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So, presuming ski masks are banned, would the lawmakers then target pantyhose? Fabrics and sewing machines? Yarn and knitting needles? When does this insanity stop??
And I'm pretty sure that in Washington, people ski. They may need ski masks.
 

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Maybe we should ban drug dealing and murdere cause that's wrong too, and see how much that prevents crime. Chicago has the toughest gun laws in the country yet you wouldn't know it seeing how riddled they are with gang problems. Banning it, don't stop criminals from doing it.
 

dtc

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Maybe we should ban drug dealing and murdere cause that's wrong too, and see how much that prevents crime. Chicago has the toughest gun laws in the country yet you wouldn't know it seeing how riddled they are with gang problems. Banning it, don't stop criminals from doing it.
So, let's ban laws.


Do you people making this argument not understand that the purpose of law is not to prevent crime, but to define it so that punishment can be applied to those who break it?

If laws stopped crime we wouldn't need jails and cops, but we have plenty and punishing people surely prevents crime.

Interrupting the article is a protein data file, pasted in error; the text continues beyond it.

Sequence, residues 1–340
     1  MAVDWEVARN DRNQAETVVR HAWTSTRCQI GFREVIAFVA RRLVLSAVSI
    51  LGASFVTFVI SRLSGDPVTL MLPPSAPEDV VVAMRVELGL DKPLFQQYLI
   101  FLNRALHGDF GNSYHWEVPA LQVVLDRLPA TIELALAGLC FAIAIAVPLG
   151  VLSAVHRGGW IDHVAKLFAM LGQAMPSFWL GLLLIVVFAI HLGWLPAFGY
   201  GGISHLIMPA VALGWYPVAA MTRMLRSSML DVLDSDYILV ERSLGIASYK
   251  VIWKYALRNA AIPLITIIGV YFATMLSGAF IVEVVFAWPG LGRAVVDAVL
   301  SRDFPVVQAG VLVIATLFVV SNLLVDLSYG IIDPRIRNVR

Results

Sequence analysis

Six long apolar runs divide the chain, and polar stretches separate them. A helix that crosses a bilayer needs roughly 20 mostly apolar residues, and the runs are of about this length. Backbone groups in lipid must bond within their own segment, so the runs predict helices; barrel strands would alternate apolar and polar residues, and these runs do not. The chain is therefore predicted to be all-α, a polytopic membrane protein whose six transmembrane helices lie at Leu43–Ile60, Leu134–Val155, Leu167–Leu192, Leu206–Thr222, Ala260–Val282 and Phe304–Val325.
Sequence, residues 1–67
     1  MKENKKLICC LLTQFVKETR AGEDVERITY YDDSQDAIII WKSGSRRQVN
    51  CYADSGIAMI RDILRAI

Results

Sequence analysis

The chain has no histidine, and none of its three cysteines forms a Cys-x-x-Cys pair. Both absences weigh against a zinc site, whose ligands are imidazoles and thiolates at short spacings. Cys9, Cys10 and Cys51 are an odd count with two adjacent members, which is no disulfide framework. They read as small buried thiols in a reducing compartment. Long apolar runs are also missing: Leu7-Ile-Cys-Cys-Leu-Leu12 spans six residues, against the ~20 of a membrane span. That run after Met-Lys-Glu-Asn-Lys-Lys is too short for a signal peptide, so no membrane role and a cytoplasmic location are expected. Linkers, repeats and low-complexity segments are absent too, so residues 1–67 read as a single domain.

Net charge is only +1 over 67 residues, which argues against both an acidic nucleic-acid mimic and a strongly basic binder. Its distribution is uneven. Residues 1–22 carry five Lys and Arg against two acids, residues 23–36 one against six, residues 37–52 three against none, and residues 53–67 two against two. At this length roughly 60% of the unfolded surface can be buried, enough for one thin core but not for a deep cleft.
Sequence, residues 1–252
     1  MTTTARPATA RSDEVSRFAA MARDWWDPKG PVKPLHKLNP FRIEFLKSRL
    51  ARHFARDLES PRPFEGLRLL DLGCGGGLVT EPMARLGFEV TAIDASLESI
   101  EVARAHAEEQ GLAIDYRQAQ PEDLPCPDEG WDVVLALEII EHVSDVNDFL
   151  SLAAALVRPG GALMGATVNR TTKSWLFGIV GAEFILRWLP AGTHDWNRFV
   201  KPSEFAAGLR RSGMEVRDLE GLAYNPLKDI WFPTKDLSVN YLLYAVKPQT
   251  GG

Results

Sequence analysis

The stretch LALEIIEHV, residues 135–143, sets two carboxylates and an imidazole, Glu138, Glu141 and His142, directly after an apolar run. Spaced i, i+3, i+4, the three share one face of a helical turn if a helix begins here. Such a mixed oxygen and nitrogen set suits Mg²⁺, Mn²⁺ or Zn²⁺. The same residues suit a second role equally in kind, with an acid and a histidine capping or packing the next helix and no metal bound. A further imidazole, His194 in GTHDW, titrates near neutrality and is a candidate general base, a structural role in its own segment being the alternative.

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Denzien

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Do you people making this argument not understand that the purpose of law is not to prevent crime, but to define it so that punishment can be applied to those who break it?

If laws stopped crime we wouldn't need jails and cops, but we have plenty and punishing people surely prevents crime.
I'm pretty sure we understand that, but the idea in the article itself was presented as an idea to try to prevent crime (somehow).


So, do you support stricter gun laws? Do you think those laws are created with the intent of preventing gun violence (as their supporters typically say) or so that the guy who faces 27 counts of murder can get an extra 20 years added to his 27 life sentences? I mean...if he didn't already off-himself, putting him out of reach of our punishments?